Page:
nep-ict New Economics Papers
on Information and Communication Technologies
Issue of 2007‒05‒26
three papers chosen by
Walter Frisch
University Vienna

  1. Technological revolutions and the evolution of industrial structures. Assessing the impact of new technologies upon size, pattern of growth and boundaries of the firms By Giovanni Dosi; Alfonso Gambardella; Marco Grazzi; Luigi Orsenigo
  2. Towards a Quality-Aware Engineering Process for the Development of Web Applications By C. CACHERO; G. POELS; C. CALERO; Y. MARHUENDA
  3. Computing an Optimal Contract in Simple Technologies By Yuval Emek; Michal Feldman

  1. By: Giovanni Dosi; Alfonso Gambardella; Marco Grazzi; Luigi Orsenigo
    Abstract: In this work we discuss the impact of the new ICT techno-economic paradigm upon the vertical and horizontal boundaries of the firm and ask whether the change in the sources of competitive advantage has resulted in changes in the size distribution of firms and also in the degree of concentration of industries. Drawing both on firm-level and national statistical data we assess the evolution of the overall balances between the activities which are integrated within organizations and those which occur through market interactions. While the new paradigm entails ``revolutionary'' changes in the domain of technology, the modification in industrial structures has been somewhat more incremental. Certainly, the vertical and horizontal boundaries of firms have changed and together one is observing a turnover in the club of biggest world firms accounting also for a shift in the relative importance of industrial sectors. Nonetheless, we do not observe an abrupt fading of the Chandlerian multidivisional corporation in favour of smaller less-integrated firms.
    Keywords: New techno-economic paradigm; Organizational change; Vertical integration; Boundaries of the firm; Visible hand.
    Date: 2007–05–14
    Abstract: It is widely recognized that Web Engineering (WE) practices lack an impact on industry. One of the reasons for this fact is that Web applications developed with WE methodologies have not proven a better quality than those developed with creative practices. In this technical report we claim that one way to change such perception is including specific quality management activities as part of the WE process. In order to perform this inclusion in a sensible way, in this technical report we explore principles and achievements that, uncovered in different Web quality lines of research, provide insights into how to deal with quality in each of the different workflows that a typical WE process defines, from requirements to implementation. Also, in order to preserve the (semi-)automatic nature of WE processes, we propose the definition of measurable concepts, measures and decision criteria in a machine-readable way that allows for the automation of the quality evaluation process, thus preserving the MDE nature of WE processes. In this way we are providing the user of a WE methodology with the advantages associated with managing quality from the early stages of development with little extra development costs.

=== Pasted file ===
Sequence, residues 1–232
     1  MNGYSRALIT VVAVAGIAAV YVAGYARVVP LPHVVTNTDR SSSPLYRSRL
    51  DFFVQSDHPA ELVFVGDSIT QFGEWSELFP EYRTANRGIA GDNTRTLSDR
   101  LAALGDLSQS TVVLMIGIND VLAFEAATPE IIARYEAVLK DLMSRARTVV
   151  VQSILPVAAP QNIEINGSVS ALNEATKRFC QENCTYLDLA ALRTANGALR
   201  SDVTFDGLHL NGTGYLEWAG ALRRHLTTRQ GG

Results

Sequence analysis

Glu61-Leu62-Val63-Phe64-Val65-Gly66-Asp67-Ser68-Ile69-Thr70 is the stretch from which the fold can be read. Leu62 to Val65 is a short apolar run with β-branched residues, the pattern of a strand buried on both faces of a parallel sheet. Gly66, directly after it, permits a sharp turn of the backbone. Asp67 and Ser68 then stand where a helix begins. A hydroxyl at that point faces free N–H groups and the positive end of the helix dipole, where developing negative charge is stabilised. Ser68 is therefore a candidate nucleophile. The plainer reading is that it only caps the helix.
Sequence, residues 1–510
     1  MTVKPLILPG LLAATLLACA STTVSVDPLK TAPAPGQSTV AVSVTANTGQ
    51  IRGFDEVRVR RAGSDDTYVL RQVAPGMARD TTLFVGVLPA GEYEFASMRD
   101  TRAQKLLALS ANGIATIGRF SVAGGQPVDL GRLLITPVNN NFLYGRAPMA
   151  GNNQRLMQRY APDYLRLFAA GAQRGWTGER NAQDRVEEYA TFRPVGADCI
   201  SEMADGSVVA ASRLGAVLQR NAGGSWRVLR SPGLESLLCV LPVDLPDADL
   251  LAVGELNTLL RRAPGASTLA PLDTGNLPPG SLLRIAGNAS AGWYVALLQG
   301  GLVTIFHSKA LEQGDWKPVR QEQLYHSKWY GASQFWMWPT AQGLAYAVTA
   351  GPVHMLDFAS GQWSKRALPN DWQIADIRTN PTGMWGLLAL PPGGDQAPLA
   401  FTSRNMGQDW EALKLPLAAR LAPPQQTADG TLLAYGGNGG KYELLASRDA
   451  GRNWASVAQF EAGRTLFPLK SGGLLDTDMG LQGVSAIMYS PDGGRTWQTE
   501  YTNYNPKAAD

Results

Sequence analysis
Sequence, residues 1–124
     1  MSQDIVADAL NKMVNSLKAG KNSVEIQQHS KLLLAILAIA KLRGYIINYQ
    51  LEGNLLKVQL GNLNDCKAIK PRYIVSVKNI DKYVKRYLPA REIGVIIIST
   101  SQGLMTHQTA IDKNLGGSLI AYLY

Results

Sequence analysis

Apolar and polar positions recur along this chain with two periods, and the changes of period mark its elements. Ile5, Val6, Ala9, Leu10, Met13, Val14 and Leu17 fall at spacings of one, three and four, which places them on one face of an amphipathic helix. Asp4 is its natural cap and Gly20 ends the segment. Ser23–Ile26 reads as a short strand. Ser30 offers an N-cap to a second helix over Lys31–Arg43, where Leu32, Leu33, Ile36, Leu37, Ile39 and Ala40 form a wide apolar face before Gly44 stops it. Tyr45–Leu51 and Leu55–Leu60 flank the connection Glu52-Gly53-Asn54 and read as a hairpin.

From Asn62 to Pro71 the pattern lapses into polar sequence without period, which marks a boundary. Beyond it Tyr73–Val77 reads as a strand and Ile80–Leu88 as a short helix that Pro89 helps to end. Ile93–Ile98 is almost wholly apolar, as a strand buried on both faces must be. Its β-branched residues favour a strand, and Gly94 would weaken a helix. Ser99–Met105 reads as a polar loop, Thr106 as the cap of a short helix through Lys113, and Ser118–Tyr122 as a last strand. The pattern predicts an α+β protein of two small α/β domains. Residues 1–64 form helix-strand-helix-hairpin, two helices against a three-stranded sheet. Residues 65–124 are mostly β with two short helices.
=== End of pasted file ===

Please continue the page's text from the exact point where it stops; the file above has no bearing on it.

Keywords: Web Quality assessment, Web Engineering, MDA, Empirical Validation
    Date: 2007–05
  3. By: Yuval Emek; Michal Feldman
    Abstract: We study an economic setting in which a principal motivates a team of strategic agents to exert costly effort toward the success of a joint project. The action taken by each agent is hidden and affects the (binary) outcome of the agent's individual task stochastically. A Boolean function, called technology, maps the individual tasks' outcomes into the outcome of the whole project. The principal induces a Nash equilibrium on the agents' actions through payments that are conditioned on the project's outcome (rather than the agents' actual actions) and the main challenge is that of determining the Nash equilibrium that maximizes the principal's net utility, referred to as the optimal contract. Babaioff, Feldman and Nisan [1] suggest and study a basic combinatorial agency model for this setting. Here, we concentrate mainly on two extreme cases: the AND and OR technologies. Our analysis of the OR technology resolves an open question and disproves a conjecture raised in [1]. In particular, we show that while the AND case admits a polynomial-time algorithm, computing the optimal contract in the OR case is NP-hard. On the positive side, we devise an FPTAS for the OR case, which also sheds some light on optimal contract approximation of general technologies.
    Date: 2007–05

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